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Photo by: Rick Danzl

Tim Deppen and Nishana Ismail were determined to do something after a friend of theirs was mugged in Urbana in January 2013.

At the time, both Deppen and Ismail were graduate students in mechanical engineering at the University of Illinois. The two were considering entering the Cozad New Venture Competition and wondering what the basis of their business should be.

Initially, Ismail said, their idea was to come up with "a better pepper spray" -- something that could irritate an attacker's skin, instead of the eyes. But as they talked with potential customers, they realized some people weren't comfortable carrying something that could hurt themselves or someone else.

Instead, Deppen and Ismail focused on a new way to get help fast in emergency situations -- something that wouldn't involve fumbling with a cellphone. They also wanted to avoid any mechanism that would call "911" automatically, fearing the device might be tripped by accident.

What Deppen and Ismail came up with was an "electronic panic button" that would send a preset message by cellphone to designated friends and family members. The information could be sent as a phone, text or email message. The user could predetermine a message -- for instance, "I am in danger. Call 911." In addition, the message would specify the street address for the user's location.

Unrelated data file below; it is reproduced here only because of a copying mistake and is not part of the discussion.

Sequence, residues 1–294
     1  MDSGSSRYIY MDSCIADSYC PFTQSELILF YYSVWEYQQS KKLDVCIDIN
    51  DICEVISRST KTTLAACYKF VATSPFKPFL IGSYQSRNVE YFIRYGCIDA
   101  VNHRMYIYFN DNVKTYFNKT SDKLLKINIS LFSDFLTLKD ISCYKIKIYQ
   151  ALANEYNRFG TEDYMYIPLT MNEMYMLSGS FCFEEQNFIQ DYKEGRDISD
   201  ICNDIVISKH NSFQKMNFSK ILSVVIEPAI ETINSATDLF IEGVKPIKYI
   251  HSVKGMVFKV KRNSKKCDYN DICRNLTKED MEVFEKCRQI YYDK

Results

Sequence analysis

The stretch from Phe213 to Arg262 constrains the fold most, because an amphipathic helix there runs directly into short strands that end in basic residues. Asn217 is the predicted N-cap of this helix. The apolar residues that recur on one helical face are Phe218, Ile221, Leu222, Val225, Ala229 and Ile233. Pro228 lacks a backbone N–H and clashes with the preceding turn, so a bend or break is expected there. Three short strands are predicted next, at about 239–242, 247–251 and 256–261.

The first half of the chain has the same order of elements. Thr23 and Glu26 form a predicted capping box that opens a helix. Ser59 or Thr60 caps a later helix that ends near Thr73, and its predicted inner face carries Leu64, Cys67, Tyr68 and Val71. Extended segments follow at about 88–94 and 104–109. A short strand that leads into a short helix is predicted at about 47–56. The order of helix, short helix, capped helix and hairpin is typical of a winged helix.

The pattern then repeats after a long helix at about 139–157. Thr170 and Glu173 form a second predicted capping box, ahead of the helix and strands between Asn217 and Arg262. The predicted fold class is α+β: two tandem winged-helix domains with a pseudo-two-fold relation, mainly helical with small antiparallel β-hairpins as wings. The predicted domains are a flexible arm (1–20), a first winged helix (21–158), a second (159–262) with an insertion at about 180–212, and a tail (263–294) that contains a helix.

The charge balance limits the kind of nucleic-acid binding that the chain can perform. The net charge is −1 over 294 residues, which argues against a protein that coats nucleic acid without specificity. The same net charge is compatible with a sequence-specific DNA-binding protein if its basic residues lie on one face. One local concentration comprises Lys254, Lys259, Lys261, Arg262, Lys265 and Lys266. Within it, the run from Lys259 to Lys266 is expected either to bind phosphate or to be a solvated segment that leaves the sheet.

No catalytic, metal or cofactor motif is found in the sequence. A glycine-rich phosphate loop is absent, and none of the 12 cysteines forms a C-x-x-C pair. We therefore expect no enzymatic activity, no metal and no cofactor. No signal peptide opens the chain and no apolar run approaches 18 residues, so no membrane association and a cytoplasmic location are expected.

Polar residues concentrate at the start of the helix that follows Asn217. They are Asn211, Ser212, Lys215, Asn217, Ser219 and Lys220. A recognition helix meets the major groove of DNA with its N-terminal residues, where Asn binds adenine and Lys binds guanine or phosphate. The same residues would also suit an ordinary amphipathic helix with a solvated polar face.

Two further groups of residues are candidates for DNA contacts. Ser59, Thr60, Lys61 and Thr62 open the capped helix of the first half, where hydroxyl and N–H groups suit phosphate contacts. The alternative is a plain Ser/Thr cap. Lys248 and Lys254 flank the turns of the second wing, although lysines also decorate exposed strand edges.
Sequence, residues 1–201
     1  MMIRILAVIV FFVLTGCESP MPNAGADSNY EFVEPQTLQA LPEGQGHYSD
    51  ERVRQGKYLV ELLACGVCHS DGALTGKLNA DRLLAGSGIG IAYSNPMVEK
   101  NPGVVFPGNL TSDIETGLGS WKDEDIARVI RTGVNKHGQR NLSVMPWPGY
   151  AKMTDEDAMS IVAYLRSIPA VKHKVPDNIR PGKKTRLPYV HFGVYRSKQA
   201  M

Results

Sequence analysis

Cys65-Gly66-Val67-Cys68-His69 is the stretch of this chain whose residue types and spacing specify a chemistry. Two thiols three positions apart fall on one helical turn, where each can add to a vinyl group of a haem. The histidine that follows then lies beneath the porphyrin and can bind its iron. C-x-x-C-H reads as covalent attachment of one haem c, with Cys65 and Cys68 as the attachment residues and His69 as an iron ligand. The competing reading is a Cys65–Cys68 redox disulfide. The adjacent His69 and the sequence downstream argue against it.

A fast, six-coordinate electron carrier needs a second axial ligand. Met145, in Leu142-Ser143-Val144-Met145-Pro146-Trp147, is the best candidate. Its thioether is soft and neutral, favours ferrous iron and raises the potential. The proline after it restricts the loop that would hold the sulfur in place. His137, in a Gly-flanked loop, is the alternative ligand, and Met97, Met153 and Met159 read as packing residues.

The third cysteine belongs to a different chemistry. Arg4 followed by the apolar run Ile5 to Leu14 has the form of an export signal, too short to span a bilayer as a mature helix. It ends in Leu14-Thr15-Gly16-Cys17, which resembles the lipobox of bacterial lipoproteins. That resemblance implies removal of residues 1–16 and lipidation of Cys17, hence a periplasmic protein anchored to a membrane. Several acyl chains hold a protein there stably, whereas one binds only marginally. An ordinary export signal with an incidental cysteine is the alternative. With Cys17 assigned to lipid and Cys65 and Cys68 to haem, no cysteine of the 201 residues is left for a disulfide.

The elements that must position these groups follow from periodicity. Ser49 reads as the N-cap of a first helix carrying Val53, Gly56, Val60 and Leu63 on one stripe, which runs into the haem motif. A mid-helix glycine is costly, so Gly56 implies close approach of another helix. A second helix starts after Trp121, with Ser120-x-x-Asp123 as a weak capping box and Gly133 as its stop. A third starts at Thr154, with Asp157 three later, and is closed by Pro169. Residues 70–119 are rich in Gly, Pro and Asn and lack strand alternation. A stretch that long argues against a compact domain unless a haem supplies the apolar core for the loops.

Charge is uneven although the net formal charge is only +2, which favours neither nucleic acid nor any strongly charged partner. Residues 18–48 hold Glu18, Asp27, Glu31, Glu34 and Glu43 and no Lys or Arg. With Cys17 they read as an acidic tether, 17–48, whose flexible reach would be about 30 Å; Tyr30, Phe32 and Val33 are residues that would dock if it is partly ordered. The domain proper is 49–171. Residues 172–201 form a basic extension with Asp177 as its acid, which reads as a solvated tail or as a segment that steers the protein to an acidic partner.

Besides specifying which friends and family members to alert, the user could update the device to reflect his or her expected whereabouts -- for example, "leaving work," "night class," "on a blind date" or another description provided by the user.

The base station for the system, known as Shadow, theoretically could be worn as a pendant, key chain, wristband or clasp -- and can send a message to a smartphone within a certain distance. So even if the phone has been snatched, someone using Shadow can message for help, and the phone will send a message without the snatcher's knowledge.

Deppen and Ismail's idea was chosen as the "most fundable venture" in the 2013 Cozad competition, and Servabo won the Student Startup Award at Champaign County's Innovation Celebration in 2014.

The company was one of three startups named "Most Promising" by Startup Voodoo, a Midwest entrepreneurism conference, and it was invited to make its pitch at the conference this past September.

Servabo, in the university's EnterpriseWorks business incubator, has developed a prototype for the base device and a test version of the app.

The company is planning an Indiegogo crowd-funding campaign for January, with hopes of raising $85,000 from Web users who like their idea.

Ismail and Deppen hope to have enough money raised at the close of the crowdfunding campaign to start manufacturing. Their goal is to have the device available for students starting school in August 2015.